AA baseball team could be in Jackson’s future
by Staff Writer
Published: June 18,2001
JACKSON — The Capital City could be only about 18 months away from hosting a AA baseball team at Smith-Wills Stadium, according to one city official, and it is one of the top priorities of the city.
Ramie Ford, director for parks and recreation for the city of Jackson, feels comfortable that will happen. He and others are working diligently to find a AA franchise team.
“It’s not an issue of having someone with a lot of money; there has to be one (team) available and the affiliation has to be willing to relocate,” he said.
Ford said it is not the city’s intention to go back to independent ball but to seek a team affiliated with the majors.
“There’s an awful lot that has to be considered,” he said. “One thing it’s going to have to have is the support from the city of Jackson, and I don’t mean the municipal government,” he said.
And as for the DiamondKats, Ford said that particular team was under-funded, under-capitalized and simply came into the area too quickly.
“In any business when you go in the way they did, it’s generally going to fail,” he said. “In the meantime if we don’t have a team we’ll continue to put the Cotton States League (in the stadium), concerts, baseball clinics; we’re not going to let the stadium draw cobwebs. We’re going to utilize it.”
Con Maloney, chairman of the board of Cowboy Maloney’s Electric City and minority owner of the Express in Round Rock, Texas, formerly the Jackson Generals, said he would love to see another team play at Smith-Wills.
Maloney owned the Jackson Mets, affiliates of the New York Mets, from 1975 until 1990, and then the Generals, affiliates of the Houston Astros, from 1990 until 1999. He said nonaffiliated baseball is not going to bring the “avid fan” to the field.
“I have no problem with the private league as long as people understand what it is,” he said. “Some people think good college baseball is just as good as a AA team and that’s just not the case. The real fan looks for the higher levels.”
Maloney said he did not know of any A team or A league close enough to Jackson that they would affiliate.
“If I did I’d be working very hard to bring it because that’s what we need,” he said. “I think Jackson would support a middle A or high A program and I think it would be financially workable. It would be such that you wouldn’t lose a lot of money.”
Unfortunately though, Maloney said, there are no A leagues close to Mississippi, a major drawback to the city’s seeking a team.
Maloney projected that a AA team in Jackson would lose $700,000 a year and, he said, it is going to be hard for someone to bring in a AA team that might lose that much annually.
“It’s a terribly difficult situation,” he said. “It’s all based on economics and that’s the reason that even Major League Baseball is in trouble.”
Maloney said he would be at the field virtually every night for an affiliated program, as well as try to be financially involved, but he said it has got to “make sense.”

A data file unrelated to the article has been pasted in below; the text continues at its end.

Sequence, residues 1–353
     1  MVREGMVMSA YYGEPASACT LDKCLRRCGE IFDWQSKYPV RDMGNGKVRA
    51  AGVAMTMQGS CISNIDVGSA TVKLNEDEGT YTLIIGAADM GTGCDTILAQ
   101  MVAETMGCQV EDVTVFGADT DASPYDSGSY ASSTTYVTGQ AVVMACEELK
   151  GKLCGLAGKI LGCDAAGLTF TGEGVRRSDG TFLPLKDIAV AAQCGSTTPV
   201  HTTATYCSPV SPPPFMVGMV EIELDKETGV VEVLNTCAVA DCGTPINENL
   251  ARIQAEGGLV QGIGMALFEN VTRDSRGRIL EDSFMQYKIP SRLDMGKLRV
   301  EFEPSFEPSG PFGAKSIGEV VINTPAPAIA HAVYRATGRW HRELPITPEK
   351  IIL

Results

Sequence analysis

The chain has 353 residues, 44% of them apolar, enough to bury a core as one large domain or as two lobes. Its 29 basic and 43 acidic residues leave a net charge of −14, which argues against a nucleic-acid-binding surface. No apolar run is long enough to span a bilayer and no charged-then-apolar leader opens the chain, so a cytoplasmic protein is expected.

“The bottom line for Jackson is its numbers,” he said. “It has nothing to do with interest of the fan. The fans who love baseball supported it, but all of a sudden there were more things for people in the Jackson community to do. You can’t put a gallon of water in a quart bottle regardless.”
Randy Bell, program director at WJDX — The Score 620 AM, agreed with Maloney that even with the AA club it was fighting for people’s time and the recreational dollar.
“I’m inclined to doubt that another club would be successful here, but perhaps after a number of years there would be a hunger built up and the community would rally around it,” he said.
WJDX broadcasted the games for the Mets and the Generals but not for the DiamondKats. As to whether they would make an arrangement with another team to broadcast, Bell said that is unlikely.
“You can say minor league baseball, but what kind are you talking about?” he said. “Last year you clearly had an inferior product. (There were) some talented players on the team but not the same level people were accustomed to.”
Charlie Dixon, assistant director of the Agricultural and Forestry Museum, would love to see another team back in Jackson.
“I think it would just help what we’ve got out here,” he said. “We couldn’t ask for a better location.”
Michael Rubenstein, executive director of the Mississippi Sports Hall of Fame and Museum, said he too wants Smith-Wills to be occupied.
“It’s in the museum’s best interest to have someone active at the stadium,” he said.
Rubenstein compared the location of the hall of fame to a small store near an empty anchor store at a mall.
“Traffic is what everyone wants,” he said.
And as a citizen, he said he would very much like to see professional baseball return to Jackson. He is hoping the absence of a team for several years may motivate some people to actively seek a franchise.
“I think the right product with the right promotion in the right place can have a chance to succeed,” he said.
Contact MBJ staff writer Elizabeth Kirkland at firstname.lastname@example.org or (601) 364-1042.
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